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I am in a situation with a part time, temporary position and poor health (such that working FT or more is not very advisable). As a PT employee, I do not have healthcare coverage or any "guarantee" of employment (not that anyone does, in the US). I was "let go" many years back after being a good employee with specialized knowledge for more than 10 years. I then created and ran a charitable retreat center for 10 years, but had to leave. Now I have no assets and only a few thousand dollars in the bank.

I am wondering if my previous experience of being let go (when the company was bought and liquidated) and also having to leave the business I put everything in to has left me feeling vulnerable and unsafe to having my employment disappear again? What would be the best approach to handling this feeling of insecurity? Is it valid?

I ask also because the trend in the US is for more and more people to be "contract" workers, with no employment status, and so to have to determine and handle their own healthcare, retirement, etc. This is a big change. As well, I read an article which says that 60% of people in the US have less than $1000 in savings, making loss of work a disaster in a time when finding new work can take 6 months. What is a good approach for this vast number of people to take in the future?

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    I'm not sure what you are asking. "too frightened" is inherently subjective. If your attitude makes you unhappy and does not plausibly improve your prospects, it is unlikely to be a productive attitude. If you channel your fear into productive channels-- building up an emergency fund, diversifying your skill set, networking with other people that do the same thing you do, it may be valuable. Jan 13 '16 at 0:31
  • @JustinCave I have had trouble building up an emergency fund due to medical expenses. Few other people do what I do (I am an Instructor), I do not know how to contact them. I am looking at ways to do freelance things like technical writing or editing, technical training or other instructional services. It just makes me feel like I am trading a life of being nervous at one job for constantly being nervous about finding and keeping multiple new opportunities. I am tired.
    – user37746
    Jan 13 '16 at 0:35
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    Unfortunately, this is quickly getting outside the parameters of this site. It sounds like an issue that really should be discussed with a doctor, a psychologist, a financial planner, etc. Presumably, as an instructor you have some access to the college's mental health services. Jan 13 '16 at 0:43
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    By the way, "what use is her promise when we are not married yet" makes me think that you really shouldn't be marrying this person or have a very warped idea of how healthy relationships are supposed to work. Marriage is not a welfare system...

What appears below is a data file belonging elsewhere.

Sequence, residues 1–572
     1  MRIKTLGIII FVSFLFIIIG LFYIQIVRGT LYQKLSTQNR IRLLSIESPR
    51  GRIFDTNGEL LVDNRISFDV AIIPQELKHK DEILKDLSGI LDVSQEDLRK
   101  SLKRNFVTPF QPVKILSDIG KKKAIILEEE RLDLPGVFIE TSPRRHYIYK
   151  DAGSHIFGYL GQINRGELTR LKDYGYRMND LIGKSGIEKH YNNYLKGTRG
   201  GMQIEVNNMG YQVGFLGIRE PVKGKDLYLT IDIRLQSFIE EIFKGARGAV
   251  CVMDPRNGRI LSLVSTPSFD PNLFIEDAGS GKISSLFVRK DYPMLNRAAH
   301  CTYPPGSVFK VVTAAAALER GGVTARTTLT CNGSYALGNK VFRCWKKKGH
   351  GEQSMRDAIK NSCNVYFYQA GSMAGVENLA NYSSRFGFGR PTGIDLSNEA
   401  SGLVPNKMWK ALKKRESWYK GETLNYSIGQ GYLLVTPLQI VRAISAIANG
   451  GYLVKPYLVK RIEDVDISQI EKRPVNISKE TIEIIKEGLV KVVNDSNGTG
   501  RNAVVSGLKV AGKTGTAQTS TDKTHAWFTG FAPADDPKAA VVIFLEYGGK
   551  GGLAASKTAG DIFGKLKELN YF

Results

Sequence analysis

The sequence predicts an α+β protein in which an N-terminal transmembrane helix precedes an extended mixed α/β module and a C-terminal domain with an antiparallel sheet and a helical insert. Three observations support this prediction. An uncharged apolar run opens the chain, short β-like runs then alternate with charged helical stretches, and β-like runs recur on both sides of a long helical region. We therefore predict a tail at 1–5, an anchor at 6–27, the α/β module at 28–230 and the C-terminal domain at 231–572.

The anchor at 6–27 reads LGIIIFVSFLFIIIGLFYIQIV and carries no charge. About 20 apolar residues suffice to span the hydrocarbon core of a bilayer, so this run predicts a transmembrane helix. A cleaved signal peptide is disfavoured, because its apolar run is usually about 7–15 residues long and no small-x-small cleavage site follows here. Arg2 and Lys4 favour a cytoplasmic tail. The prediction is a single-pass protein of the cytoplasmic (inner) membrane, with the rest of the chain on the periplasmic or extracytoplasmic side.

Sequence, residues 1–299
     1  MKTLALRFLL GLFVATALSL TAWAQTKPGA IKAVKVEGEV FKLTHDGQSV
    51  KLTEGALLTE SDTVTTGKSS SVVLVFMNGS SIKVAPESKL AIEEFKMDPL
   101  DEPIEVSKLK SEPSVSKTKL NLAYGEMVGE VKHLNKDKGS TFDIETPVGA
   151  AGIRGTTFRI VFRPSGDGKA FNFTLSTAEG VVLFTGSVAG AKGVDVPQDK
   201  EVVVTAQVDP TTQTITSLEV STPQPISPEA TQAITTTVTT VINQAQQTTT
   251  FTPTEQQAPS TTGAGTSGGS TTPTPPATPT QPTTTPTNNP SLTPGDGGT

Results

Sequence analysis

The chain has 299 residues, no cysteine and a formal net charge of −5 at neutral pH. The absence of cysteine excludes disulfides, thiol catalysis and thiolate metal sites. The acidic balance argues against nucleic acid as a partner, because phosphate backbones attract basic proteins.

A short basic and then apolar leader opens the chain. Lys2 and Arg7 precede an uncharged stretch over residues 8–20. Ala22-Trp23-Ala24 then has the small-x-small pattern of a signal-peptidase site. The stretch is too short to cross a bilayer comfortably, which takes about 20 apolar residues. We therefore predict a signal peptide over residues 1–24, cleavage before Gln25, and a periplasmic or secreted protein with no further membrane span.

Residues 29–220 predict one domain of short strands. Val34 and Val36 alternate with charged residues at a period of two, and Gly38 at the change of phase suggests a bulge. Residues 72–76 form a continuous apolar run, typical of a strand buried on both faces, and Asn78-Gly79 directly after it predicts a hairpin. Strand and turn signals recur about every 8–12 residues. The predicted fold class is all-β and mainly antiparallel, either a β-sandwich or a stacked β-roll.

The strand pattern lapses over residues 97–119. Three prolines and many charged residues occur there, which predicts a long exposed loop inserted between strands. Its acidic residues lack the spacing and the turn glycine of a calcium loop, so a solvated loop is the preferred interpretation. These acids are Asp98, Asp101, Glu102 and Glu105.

– Lilienthal
    Jan 13 '16 at 10:37
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    I understand your concern. I've worried about what I'd do if I lost my job for pretty much my whole life. But I don't see what sort of useful answer one could give to your question as worded. Anyone who says "no, there's nothing to worry about, there's no way you could lose your job" is just wrong. But beyond "yes, there is valid reason to be concerned", what else can we say? Are you really looking for suggestions on how to improve your financial situation? Job skills? Get psychological counseling? My inclination is to talk to you about trusting God. You need a more specific question.
    – Jay
    Jan 13 '16 at 18:18
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But the job I have is so singular and unusual that I have trouble imagining finding something else that would work for me.

Am I being too frightened, or is my fear well-founded?

There's no way to tell if the foundation of your fear is correct or not.

While it can be profitable to have specialized knowledge, in the long term I don't think relying solely on "singular and unusual" knowledge is a good thing. In today's working world, things change rapidly. Technologies go in and out of style, are replaced, and are replaced again.

Tying your entire working life to one set of specialized knowledge is almost sure to cause problems at some point in time. As you have already experienced, no matter how good you are, you can be replaced.

I believe the best course of action is to be a lifelong learner. Cash in on your specialty, but keep your head up and see where things are going. Be ready to change with the times.

The days of one-profession careers are over for many. I had multiple distinct phases to my professional life, going from Mainframes, to Personal Computers, to Web, to Mobile technology jobs. I think we must be committed to expanding our knowledge base continually, or risk being left behind.

So if your fear is that your particular specialty niche may be going away, I think that's reasonable. Eventually, all niches go away.

Try not to be too frightened. Instead try to find out what you can do to stay ahead of the ever-changing work landscape. In the long-run, you'll be better for it.